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dc.contributor.authorStromback, Thorsten
dc.contributor.authorMahendran, Anusha
dc.contributor.editorLynne Chester
dc.contributor.editorMichael Johnson
dc.contributor.editorPeter Kriesler
dc.identifier.citationStromback, T. and Mahendran, A. 2008. An analysis of the impact of skilled migration on the current and future economic well-being of W.A., in Lynne Chester, Michael Johnson & Peter Kriesler (ed), 7th Australian Society of Heterodox Economists Conference, Dec 8 2008, pp. 286-300. University of New South Wales: Society of Heterodox Economists.

The presence of skill shortages has been the dominant rationale for the recruitment of trained foreign workers. Most Australian states have thus embraced the opportunities that the expansion and devolution of Australia's immigration program in recent times has given them. This paper examines the issue more closely by providing a conceptual overview of the economic case for the continuing need for skilled workers from abroad and discusses various related factors and considerations of relevance. Reference is also made to the current immigration policy and recent trends in skilled and business migration. This provides the context for a review of the contemporary economic impact that skilled migration has had in W.A and its likely future effects on the state. The anticipated future needs as indicated by the demand for skilled workers, the extent to which this demand is met by the resident workforce and the migration planning levels is also analysed.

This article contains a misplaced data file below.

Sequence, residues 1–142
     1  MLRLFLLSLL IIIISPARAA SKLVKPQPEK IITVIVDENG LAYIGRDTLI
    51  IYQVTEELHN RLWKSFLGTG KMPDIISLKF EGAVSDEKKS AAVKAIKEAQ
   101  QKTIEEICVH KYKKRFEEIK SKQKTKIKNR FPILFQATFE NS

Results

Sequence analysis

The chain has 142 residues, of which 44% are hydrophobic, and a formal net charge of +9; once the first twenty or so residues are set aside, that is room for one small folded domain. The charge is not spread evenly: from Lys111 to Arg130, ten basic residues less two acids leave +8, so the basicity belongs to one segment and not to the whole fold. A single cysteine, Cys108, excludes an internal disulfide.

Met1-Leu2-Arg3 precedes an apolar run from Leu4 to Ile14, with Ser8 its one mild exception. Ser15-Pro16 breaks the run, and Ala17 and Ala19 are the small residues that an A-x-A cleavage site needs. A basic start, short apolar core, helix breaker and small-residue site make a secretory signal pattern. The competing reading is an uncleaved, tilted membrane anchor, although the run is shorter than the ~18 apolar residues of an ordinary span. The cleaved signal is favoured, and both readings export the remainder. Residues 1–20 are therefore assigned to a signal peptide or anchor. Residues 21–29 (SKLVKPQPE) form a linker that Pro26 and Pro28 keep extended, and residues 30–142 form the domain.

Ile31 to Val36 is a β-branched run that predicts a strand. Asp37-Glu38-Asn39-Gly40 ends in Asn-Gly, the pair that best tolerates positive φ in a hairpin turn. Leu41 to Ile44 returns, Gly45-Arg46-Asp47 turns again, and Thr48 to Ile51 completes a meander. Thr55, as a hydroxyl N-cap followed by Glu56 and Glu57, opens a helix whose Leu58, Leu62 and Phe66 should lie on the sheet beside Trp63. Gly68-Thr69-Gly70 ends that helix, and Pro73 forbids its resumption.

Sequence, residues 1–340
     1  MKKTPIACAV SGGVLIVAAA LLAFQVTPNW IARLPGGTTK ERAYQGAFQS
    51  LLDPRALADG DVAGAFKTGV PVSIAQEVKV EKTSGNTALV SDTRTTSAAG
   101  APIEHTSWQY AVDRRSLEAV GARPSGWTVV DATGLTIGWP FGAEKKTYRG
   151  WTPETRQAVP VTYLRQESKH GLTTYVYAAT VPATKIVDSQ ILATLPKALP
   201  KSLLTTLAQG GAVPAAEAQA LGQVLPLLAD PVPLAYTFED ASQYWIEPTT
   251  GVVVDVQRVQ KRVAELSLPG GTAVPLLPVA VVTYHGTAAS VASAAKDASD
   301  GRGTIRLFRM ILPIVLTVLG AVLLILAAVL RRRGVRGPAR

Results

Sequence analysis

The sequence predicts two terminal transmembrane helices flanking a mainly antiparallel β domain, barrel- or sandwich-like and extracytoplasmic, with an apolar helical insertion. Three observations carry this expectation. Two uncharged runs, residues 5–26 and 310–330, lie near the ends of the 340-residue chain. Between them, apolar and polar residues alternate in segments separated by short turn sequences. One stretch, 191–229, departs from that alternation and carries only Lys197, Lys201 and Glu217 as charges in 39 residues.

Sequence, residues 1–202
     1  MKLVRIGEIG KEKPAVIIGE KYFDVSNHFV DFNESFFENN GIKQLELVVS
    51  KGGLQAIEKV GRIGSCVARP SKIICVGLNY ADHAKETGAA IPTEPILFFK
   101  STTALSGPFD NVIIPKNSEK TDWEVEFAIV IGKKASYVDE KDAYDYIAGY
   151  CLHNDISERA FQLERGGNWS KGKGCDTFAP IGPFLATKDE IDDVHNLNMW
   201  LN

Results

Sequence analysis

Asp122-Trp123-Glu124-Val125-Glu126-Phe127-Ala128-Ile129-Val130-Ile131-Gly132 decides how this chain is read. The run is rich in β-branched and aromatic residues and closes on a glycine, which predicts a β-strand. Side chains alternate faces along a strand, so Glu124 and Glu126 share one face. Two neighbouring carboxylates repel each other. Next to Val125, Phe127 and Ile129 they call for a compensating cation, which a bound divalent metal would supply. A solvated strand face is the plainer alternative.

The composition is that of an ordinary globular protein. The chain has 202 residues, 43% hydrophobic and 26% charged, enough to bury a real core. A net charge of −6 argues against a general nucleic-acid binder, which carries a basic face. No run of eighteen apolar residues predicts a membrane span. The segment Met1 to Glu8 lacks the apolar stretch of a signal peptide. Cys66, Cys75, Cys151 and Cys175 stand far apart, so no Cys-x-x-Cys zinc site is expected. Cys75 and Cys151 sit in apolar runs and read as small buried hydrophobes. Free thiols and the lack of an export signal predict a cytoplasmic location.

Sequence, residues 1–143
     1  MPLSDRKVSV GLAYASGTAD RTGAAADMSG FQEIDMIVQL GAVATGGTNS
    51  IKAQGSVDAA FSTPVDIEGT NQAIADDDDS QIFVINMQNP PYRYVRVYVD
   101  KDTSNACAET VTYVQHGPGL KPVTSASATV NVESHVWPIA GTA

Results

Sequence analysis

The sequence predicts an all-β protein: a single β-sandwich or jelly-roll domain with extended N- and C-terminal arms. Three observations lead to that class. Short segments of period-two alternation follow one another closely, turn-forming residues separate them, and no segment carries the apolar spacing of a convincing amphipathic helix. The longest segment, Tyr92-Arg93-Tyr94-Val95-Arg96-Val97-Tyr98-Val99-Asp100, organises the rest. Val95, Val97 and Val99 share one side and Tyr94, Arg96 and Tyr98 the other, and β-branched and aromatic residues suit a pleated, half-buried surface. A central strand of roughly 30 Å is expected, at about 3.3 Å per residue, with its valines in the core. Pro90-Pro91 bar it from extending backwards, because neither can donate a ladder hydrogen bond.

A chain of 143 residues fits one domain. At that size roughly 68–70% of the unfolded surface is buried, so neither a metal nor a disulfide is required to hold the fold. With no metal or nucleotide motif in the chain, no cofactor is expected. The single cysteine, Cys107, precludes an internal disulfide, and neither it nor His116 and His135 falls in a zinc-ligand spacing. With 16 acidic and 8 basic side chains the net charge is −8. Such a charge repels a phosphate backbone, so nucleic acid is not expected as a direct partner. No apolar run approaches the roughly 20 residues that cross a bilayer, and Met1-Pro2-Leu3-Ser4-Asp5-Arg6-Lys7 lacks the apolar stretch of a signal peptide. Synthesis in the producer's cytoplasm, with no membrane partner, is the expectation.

dc.publisherSociety of Heterodox Economists
dc.subjectSkilled Migration in Australia
dc.subjectSkills Shortages
dc.titleAn analysis of the impact of skilled migration on the current and future economic well-being of W.A.
dc.typeConference Paper
dcterms.source.titleContemporary issues for heterodox economics
dcterms.source.seriesContemporary issues for heterodox economics
dcterms.source.conference7th Australian Society of Heterodox Economists Conference
dcterms.source.conference-start-dateDec 8 2008
dcterms.source.conferencelocationUniversity of New South Wales
dcterms.source.placeSydney, Australia
curtin.departmentSchool of Economics and Finance
curtin.accessStatusOpen access

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